Religious leaders from several faith traditions gathered today at the Capitol to hold a first-ever New York faith gathering to urge passage of the Medical Aid in Dying Act (S.3151/A.2383), which would provide terminally ill, mentally competent adult New Yorkers with the legal right to request a prescription to bring about a peaceful death.
The religious leaders – who spend countless hours comforting dying parishioners and their families – participating in the faith gathering were:
Rev. Dr. Johnnie Green, Jr., Senior Pastor, Mount Neboh Baptist Church of Harlem and
President, Mobilizing Preachers & Communities (MPAC)
Rabbi Dr. David Gordis, Visiting Senior Scholar, University at Albany
Rev. Valerie Ross, Senior Community Minister, Judson Memorial Church, Greenwich Village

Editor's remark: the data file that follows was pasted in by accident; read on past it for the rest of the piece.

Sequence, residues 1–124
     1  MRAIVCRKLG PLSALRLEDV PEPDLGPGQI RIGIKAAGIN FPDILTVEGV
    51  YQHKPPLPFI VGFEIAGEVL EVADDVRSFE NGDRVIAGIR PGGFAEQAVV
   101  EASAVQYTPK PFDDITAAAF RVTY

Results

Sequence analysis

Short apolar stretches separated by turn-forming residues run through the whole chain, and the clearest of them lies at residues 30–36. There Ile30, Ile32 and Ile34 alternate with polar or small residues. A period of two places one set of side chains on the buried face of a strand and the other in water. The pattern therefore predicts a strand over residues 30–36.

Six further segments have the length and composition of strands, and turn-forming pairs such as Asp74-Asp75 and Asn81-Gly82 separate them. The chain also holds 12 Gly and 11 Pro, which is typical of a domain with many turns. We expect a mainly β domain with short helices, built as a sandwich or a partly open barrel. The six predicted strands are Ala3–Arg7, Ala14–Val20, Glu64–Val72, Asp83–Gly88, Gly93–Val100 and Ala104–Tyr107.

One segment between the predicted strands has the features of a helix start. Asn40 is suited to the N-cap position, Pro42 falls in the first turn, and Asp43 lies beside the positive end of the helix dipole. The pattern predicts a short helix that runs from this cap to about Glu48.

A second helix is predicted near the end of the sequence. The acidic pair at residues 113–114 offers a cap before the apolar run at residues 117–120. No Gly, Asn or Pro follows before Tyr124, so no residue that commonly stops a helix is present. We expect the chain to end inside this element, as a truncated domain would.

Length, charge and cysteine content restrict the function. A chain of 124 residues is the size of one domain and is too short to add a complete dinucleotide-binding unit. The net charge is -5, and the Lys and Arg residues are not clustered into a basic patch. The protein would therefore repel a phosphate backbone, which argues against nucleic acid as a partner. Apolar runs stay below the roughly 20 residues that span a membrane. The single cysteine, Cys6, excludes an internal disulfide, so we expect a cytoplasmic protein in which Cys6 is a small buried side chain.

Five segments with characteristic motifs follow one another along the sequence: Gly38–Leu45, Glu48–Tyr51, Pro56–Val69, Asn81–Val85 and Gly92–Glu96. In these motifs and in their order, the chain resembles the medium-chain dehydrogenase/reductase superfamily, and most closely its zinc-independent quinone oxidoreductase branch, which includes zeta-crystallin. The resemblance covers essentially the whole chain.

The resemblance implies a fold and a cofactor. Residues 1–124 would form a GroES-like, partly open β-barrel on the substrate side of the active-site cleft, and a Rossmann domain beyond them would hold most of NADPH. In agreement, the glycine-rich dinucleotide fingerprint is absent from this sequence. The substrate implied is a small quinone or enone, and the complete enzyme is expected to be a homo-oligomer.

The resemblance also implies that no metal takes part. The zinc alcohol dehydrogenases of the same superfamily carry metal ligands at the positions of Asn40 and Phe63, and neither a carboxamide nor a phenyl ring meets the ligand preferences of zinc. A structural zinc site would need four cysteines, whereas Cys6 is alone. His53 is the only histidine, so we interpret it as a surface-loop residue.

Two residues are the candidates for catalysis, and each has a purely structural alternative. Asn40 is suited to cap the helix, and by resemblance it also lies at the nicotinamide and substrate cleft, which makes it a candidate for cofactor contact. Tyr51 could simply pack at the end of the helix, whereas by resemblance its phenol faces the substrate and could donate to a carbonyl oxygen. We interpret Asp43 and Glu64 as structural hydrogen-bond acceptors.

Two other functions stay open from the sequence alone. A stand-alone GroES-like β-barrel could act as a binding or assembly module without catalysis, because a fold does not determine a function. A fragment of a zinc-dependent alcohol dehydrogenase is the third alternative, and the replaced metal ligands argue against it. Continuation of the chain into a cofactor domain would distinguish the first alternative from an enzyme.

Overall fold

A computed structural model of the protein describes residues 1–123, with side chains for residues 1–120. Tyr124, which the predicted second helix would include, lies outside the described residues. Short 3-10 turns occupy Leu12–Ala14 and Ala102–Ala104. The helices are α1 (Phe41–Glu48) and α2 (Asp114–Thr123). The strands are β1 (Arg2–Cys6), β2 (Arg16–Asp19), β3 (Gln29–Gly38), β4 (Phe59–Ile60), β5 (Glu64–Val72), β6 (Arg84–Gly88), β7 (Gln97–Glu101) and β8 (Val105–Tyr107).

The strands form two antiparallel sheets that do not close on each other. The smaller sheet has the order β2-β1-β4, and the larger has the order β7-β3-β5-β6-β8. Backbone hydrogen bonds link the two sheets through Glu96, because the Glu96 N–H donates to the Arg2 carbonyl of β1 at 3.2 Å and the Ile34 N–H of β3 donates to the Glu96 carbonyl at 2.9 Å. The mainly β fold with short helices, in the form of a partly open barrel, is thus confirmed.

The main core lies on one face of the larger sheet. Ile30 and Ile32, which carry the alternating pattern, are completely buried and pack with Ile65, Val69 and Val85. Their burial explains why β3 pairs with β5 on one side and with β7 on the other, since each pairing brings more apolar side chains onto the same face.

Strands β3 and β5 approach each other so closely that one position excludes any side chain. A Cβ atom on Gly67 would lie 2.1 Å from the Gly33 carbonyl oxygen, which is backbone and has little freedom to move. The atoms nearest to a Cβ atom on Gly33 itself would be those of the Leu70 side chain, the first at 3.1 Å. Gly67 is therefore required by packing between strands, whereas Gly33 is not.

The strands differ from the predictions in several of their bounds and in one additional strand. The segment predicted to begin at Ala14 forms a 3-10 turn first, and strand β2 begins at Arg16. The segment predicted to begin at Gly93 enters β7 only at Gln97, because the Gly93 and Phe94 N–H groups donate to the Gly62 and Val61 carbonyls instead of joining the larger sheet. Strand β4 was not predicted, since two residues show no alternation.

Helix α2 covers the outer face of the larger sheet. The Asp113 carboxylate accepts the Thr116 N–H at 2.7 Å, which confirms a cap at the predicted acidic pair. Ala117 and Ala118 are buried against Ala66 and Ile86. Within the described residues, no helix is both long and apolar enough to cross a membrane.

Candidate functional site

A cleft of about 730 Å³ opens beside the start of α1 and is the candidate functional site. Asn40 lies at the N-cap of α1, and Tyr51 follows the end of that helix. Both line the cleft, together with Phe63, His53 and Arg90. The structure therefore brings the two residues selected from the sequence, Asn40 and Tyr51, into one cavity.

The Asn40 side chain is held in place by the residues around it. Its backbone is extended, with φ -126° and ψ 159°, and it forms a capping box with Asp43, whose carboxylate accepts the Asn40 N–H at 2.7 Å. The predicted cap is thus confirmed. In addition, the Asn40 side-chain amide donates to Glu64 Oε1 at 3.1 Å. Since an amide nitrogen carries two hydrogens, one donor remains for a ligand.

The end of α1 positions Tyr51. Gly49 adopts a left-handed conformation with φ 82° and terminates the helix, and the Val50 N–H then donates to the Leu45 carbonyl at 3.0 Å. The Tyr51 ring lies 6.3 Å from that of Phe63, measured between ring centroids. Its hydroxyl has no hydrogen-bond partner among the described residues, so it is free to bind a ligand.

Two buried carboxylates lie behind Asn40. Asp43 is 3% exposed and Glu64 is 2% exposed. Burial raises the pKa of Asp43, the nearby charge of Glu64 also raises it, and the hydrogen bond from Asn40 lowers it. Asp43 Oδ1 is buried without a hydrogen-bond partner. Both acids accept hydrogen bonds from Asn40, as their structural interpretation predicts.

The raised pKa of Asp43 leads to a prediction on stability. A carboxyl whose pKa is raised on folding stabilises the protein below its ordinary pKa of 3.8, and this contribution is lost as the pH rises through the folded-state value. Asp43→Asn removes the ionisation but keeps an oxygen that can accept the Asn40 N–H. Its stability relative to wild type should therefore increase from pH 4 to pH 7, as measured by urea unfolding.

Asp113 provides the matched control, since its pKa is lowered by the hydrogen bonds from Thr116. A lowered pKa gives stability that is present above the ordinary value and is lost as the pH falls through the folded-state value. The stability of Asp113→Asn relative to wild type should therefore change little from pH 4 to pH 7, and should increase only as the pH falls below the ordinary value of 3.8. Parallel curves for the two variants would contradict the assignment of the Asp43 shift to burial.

Rev. Dr. Richard Gilbert, Retired Minister, First Unitarian Church, Rochester
Father Luis Barrios, Episcopalian Priest in Charge, Holyrood Episcopal Church/Iglesia
Episcopal Santa Cruz, Upper West Side, Manhattan
If the Medical Aid in Dying Act is enacted, it would allow New York to join six other states – Oregon, Washington, Montana, Vermont, California, and Colorado – in allowing residents this end-of-life option. Oregon’s law has been on the books, without any adverse impacts, for two decades. A law to legalize aid in dying has also been passed in Washington, D.C.
Support for medical aid in dying is overwhelming and growing. LifeWay Research (Biblical Solutions for Life) released a national survey in December 2016 finding 69 percent of Americans agree that, “Physicians should be allowed to assist terminally ill patients in ending their life.” Nationally, 60 percent of Christians and 70 percent of Catholics support allowing physicians to assist terminally ill patients end their lives.
Support is even stronger in New York. A September 2015 poll of New Yorkers, commissioned by Compassion & Choices, found 77 percent support for allowing a terminally ill, mentally competent adult the option to request aid in dying medication. Broken down by religious affiliation, 83 percent of Jewish voters and 74 percent of both Catholics and Protestants support medical aid in dying.